Lee v. Safeway Stores, Inc.

Annotate this Case

184 A.2d 212 (1962)

Marie C. LEE and Chester Lee, Appellants, v. SAFEWAY STORES, INC., a corporation, Appellee.

No. 3004.

Municipal Court of Appeals for the District of Columbia.

Argued July 9, 1962.

Decided September 18, 1962.

Josiah Lyman, Washington, D. C., for appellants.

Francis C. O'Brien, Washington, D. C., with whom William T. Clague, Washington, D. C., was on the brief, for appellee.

Before HOOD, Chief Judge, and QUINN and MYERS, Associate Judges.

QUINN, Associate Judge.

Appellant Marie Lee brought this action to recover damages resulting from injuries she sustained while a customer in appellee's store. Her husband sought to recover for loss of consortium, services, and companionship. This appeal is from an order of the trial court setting aside a verdict for appellants and granting appellee's motion for judgment non obstante veredicto. We must determine whether the evidence presented by appellants was sufficient to warrant an inference of negligence and the submission of the case to the jury in the absence of proof of a specific act of negligence on the part of appellee.

In one of appellee's smaller self-service food stores customers were furnished wire shopping baskets which they could carry while making their selections. The baskets were stacked one inside the other near the front of the store by store employees and the customers themselves. On the day in question Mrs. Lee entered the store and went to the shelves adjacent to the area where the baskets were stacked. As she bent over to take two cans from the bottom shelf three or four baskets fell from a stack, injuring her. She testified that she did not know what caused the baskets to fall. However, on cross-examination, she said that on a previous occasion she had described the accident as having resulted when someone tried to get a basket while she was bending over.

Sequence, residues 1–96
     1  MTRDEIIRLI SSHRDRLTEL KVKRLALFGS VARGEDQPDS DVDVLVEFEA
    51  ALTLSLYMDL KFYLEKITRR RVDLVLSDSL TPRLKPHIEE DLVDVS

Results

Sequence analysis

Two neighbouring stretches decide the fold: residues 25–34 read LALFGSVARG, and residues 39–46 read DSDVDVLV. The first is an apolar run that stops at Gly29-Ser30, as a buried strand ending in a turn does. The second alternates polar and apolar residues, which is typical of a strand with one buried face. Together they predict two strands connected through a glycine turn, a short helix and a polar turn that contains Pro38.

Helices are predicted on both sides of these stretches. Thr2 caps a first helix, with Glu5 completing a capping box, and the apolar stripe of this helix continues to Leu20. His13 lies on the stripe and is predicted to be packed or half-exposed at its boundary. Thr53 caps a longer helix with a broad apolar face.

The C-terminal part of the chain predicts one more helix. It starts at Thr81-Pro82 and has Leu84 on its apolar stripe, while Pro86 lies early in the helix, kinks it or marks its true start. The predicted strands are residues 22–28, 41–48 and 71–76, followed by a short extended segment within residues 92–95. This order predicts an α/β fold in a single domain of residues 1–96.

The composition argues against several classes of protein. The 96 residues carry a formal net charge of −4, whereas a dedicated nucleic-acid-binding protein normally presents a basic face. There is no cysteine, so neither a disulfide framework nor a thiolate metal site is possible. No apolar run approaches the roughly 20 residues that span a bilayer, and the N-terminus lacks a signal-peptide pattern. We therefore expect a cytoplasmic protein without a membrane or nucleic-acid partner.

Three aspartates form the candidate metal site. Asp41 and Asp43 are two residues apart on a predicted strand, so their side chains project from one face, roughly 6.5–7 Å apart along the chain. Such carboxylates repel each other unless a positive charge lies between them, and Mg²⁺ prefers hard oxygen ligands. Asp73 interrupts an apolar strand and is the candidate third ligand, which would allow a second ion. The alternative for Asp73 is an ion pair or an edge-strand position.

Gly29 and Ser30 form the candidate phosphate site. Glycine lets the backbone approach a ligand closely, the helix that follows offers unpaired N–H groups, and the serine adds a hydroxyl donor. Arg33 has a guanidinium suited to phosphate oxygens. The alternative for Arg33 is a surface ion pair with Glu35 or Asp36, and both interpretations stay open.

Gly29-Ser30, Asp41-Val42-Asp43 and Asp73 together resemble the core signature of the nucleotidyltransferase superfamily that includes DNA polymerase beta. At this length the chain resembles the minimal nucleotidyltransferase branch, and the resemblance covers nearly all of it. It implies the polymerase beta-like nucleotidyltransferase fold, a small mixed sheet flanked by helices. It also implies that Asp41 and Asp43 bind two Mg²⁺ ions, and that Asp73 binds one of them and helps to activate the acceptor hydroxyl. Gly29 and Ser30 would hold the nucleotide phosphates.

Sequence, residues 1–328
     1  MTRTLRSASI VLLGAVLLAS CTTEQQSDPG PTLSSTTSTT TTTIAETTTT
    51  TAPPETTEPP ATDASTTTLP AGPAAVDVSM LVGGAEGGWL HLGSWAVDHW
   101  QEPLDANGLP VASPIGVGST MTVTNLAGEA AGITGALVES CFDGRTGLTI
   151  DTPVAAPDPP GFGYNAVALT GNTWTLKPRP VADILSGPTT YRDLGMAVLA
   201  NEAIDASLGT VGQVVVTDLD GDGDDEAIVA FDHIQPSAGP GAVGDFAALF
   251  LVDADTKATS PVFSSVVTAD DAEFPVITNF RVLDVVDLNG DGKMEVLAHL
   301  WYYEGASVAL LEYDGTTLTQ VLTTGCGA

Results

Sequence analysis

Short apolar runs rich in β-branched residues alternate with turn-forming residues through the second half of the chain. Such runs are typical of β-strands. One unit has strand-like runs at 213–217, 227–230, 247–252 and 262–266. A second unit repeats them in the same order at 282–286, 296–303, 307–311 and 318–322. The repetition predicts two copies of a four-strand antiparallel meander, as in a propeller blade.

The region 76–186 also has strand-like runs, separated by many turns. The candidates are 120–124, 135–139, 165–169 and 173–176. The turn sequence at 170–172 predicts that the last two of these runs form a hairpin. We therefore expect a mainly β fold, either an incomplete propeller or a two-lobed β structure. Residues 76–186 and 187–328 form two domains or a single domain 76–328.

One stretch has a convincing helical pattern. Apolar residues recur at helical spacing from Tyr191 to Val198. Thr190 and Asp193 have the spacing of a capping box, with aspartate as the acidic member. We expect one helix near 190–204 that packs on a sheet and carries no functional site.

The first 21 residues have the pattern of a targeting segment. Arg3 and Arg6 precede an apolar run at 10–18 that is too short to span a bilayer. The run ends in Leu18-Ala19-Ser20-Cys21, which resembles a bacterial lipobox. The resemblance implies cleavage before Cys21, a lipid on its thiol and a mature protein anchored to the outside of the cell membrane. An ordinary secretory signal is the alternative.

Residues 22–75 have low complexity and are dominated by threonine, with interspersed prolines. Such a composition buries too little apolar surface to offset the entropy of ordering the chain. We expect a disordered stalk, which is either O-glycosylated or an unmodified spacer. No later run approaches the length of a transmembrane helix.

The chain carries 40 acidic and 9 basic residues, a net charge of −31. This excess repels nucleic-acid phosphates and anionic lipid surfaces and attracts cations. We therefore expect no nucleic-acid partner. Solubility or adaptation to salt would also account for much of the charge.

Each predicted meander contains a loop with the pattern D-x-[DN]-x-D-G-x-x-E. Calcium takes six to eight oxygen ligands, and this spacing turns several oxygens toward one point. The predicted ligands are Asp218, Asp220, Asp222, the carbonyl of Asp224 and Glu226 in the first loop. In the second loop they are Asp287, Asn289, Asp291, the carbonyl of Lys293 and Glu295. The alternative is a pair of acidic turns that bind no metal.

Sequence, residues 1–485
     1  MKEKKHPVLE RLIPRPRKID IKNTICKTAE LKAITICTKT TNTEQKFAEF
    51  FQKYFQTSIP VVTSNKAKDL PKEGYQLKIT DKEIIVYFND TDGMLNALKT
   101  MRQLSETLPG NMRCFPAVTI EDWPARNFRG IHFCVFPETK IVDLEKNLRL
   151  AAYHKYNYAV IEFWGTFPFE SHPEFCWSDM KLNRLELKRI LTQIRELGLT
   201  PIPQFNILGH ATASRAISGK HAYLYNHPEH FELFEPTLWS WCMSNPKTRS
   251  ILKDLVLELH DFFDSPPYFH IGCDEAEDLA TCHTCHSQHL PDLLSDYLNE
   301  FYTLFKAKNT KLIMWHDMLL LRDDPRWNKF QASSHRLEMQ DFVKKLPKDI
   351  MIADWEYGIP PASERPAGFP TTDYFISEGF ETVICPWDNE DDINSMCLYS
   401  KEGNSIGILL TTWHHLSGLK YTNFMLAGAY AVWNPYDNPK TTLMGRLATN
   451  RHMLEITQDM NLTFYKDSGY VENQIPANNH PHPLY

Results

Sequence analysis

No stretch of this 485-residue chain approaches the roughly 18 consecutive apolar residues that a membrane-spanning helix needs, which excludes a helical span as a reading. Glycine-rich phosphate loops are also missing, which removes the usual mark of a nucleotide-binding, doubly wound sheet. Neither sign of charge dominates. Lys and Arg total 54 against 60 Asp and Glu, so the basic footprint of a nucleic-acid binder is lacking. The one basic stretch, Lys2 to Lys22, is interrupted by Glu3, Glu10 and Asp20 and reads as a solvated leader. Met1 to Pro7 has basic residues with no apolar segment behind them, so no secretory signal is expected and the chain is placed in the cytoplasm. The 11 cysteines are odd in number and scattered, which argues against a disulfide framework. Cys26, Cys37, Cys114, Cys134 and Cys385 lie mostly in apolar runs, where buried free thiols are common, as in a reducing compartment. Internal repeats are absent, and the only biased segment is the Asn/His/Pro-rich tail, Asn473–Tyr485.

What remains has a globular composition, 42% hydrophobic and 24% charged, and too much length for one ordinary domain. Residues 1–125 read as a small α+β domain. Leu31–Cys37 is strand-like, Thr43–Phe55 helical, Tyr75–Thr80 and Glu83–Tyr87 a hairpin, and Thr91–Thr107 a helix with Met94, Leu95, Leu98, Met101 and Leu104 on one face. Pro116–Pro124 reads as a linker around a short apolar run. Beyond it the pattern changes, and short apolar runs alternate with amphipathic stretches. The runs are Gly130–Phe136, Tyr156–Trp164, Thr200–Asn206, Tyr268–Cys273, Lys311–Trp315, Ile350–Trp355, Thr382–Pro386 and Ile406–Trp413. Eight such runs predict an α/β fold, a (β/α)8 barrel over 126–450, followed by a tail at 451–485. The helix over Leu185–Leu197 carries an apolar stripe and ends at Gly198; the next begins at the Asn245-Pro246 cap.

In the absence of a showing of specific negligence appellants sought to rely upon the doctrine of res ipsa loquitur by urging that the baskets were always within the control of appellee. The trial court refused to so hold, and we must agree that the evidence fails to support appellants' contention. *213 At most Mrs. Lee was able to show that she was injured when struck by several wire shopping baskets which appellee provided for customer use. Unlike Lehman v. Great Atlantic & Pacific Tea Company, D.C.Mun.App., 136 A.2d 397 (1957), the baskets were articles which customers ordinarily handled, and it is at least equally probable that another customer's negligence caused the injury. We are aware of the dangers which lie in too literal an interpretation of the requirement of "exclusive control," but there must be some insistence upon a rational basis for finding that it was more probable than not that appellee's conduct caused the injury.